Research notebooks of American geographer Carl Orwin Sauer, consisting of copies of documents from a range of Mexican and
Spanish archives (dating from circa 1525 to 1802) relating to Sauer's research interests in Mexico and Latin America.
Carl Ortwin Sauer (December 24, 1889-July 18, 1975) was one of the twentieth century's most important geographers. He is remembered
for developing the Berkeley School of geographic thought, which is distinguished by its cultural-historical focus. Sauer was
born in Missouri and earned his doctorate in Geography from the University of Chicago in 1915. He taught at the University
of Michigan from 1915 to 1923 and then accepted a position in the Geography Department at the University of California. He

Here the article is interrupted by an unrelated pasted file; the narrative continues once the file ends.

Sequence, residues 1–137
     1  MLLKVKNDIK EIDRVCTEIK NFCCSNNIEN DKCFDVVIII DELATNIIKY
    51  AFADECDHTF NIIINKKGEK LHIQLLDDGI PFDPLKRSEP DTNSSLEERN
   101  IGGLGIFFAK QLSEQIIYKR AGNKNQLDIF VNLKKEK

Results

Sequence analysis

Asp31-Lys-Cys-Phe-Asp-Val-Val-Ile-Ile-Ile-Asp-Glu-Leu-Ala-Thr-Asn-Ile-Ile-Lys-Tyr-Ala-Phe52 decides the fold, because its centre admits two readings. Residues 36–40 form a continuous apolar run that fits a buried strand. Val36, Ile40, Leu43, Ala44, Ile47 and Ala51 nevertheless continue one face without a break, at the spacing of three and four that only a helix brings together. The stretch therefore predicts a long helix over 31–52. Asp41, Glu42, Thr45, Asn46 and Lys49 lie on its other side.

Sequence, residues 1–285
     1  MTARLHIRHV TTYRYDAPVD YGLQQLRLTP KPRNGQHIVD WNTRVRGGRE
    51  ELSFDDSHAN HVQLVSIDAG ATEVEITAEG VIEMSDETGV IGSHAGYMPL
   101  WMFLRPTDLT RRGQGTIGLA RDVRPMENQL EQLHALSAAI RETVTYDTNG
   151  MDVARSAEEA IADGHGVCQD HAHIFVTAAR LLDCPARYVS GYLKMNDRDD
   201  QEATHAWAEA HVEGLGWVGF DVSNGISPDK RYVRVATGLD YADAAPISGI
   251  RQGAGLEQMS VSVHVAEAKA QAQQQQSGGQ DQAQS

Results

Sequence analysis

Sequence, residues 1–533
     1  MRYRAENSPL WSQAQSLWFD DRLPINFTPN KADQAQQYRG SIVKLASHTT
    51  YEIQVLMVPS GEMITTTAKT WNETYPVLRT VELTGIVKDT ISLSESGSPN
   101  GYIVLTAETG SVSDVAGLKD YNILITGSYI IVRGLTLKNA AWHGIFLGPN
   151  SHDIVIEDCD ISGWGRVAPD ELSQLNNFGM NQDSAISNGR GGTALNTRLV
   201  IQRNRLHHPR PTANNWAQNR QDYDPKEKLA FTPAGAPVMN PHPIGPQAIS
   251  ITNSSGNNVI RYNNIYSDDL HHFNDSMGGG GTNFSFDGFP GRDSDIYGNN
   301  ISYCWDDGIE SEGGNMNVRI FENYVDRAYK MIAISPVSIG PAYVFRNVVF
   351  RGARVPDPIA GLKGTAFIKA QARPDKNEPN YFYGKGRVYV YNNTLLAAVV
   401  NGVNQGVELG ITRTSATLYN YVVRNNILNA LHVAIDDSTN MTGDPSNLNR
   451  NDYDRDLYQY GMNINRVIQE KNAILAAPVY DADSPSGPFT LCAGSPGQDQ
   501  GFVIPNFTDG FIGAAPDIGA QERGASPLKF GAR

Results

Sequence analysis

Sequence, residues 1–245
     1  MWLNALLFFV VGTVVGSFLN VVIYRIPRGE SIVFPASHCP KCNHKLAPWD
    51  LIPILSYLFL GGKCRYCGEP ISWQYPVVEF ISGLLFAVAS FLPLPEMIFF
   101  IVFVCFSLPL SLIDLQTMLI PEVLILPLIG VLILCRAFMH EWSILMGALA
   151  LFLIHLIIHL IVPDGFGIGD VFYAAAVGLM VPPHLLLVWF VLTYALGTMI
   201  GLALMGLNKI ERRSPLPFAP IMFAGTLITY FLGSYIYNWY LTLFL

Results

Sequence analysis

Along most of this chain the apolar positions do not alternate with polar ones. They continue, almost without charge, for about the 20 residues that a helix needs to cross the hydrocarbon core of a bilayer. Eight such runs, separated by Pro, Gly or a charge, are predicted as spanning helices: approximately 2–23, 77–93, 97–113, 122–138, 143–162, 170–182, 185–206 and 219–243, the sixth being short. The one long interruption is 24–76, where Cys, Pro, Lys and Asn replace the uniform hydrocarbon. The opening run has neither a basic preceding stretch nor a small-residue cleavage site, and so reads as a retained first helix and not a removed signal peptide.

headed the department until 1954. Sauer's most famous work, The Morphology of Landscape, was published in 1925 and marked
him as a clear opponent of environmental determinism. Sauer's interest in Mexico and Latin America dates to the 1920s. During
the course of his career, he published widely on Ibero-America, particularly on the culture and historical geography of Native
Americans in Latin America.
12 cartons, 2 volumes (12.1 linear feet)
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Collection is open for research.